Personalizing Breast Cancer Neoadjuvant and Adjuvant HER2-Targeted Therapy

March 11, 2021
Jill Murphy, Associate Editor

Debu Tripathy, MD, University of Texas, MD Anderson Cancer Center at Houston, discussed the basic requirements of personalizing therapy.

Understanding breast cancer, which patients may be more vulnerable to long-term effects, and who benefits the most are just some of the ways oncologists can design the best personalized neoadjuvant and adjuvant human epirdermal growth factor receptor 2 (HER2)-targeted therapy, according to a session at the virtual 38th Annual Miami Breast Cancer Conference® (MBCC).

Debu Tripathy, MD, University of Texas, MD Anderson Cancer Center at Houston, discussed the basic requirements of personalizing therapy, which includes:

  • Knowledge of the natural history of the disease.
  • Known effective therapies, or differential impact of several therapy options.
  • Characterized toxicities, including vulnerable populations and risk factors.
  • Clinical or biomarker factors that predict benefit.
  • Risk-adapted or biomarker-adapted trials that demonstrate differential benefits and safety.

Tripathy mentioned how trials can help inform new standards that allow for de-escalation or escalation from the beginning or in “real time” of the patient’s course of treatment.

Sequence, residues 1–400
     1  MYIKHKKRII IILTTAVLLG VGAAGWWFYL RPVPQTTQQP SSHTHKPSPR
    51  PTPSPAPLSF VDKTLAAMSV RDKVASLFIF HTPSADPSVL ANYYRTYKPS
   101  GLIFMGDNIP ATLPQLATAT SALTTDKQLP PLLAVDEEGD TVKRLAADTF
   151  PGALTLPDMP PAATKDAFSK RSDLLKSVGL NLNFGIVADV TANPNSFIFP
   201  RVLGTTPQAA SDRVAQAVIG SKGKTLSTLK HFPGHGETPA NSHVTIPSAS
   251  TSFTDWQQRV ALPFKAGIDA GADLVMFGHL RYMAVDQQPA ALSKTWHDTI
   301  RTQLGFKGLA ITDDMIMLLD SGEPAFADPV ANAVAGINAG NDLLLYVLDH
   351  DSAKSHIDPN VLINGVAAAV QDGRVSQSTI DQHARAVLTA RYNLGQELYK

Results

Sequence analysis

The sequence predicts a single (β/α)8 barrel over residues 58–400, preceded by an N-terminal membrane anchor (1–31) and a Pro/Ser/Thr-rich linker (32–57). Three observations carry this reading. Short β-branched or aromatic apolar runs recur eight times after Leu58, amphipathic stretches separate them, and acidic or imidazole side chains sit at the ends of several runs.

“We can design a single-arm trial with a statistical plan,” Tripathy said. “If we see a good enough outcome, we might be able to adopt them into our practice.”

Specifically, Tripathy noted the differences in adaptive therapy and the escalation and de-escalation in HER2-positive early-stage breast cancer. When adjuvant and node negative, there is T1/smaller T2 or paclitaxel plus trastuzumab used, or TCH is considered for larger node-negative. When it is node positive, one should consider chemotherapy with trastuzumab plus pertuzumab, Tripathy said.

Further, neoadjuvant is the best for T2-positive/N1-positive, according to Tripathy, which involves chemotherapy with trastuzumab plus pertuzumab. Following this, surgery is considered and PCR (trastuzumab +/- pertuzumab) versus no PCR (TDM-1 every 3 weeks x 14) is looked at. For a higher risk (hormone-receptor-positive), neratinib should be considered.

Tripathy also discussed the physiology of trastuzumab-related cardiac dysfunction. Trastuzumab is an antibody that targets HER2 proteins, and since HER2 is expressed at low levels on adult myocytes, it can lead to a stress-induced progressive wall dilatation, which is thinning and decreased contractility, according to Tripathy. In a cultured mytocyte, the myopathic changes from trastuzumab and other HER2 being absent and can be reversed with neuregulin 2b.

REFERENCE

Tripathy D. Personalizing Neoadjuvant and Adjuvant HER2-Targeted Therapy. Virtual 38th Annual Miami Breast Cancer Conference®. Accessed March 5, 2021.